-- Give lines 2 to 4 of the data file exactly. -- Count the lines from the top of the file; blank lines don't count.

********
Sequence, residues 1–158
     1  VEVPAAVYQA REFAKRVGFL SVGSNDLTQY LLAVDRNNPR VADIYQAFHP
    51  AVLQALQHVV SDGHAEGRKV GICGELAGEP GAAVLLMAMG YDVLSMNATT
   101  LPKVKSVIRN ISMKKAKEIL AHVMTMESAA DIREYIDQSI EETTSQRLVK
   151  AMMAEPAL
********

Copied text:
     1  VEVPAAVYQA REFAKRVGFL SVGSNDLTQY LLAVDRNNPR VADIYQAFHP
    51  AVLQALQHVV SDGHAEGRKV GICGELAGEP GAAVLLMAMG YDVLSMNATT
   101  LPKVKSVIRN ISMKKAKEIL AHVMTMESAA DIREYIDQSI EETTSQRLVK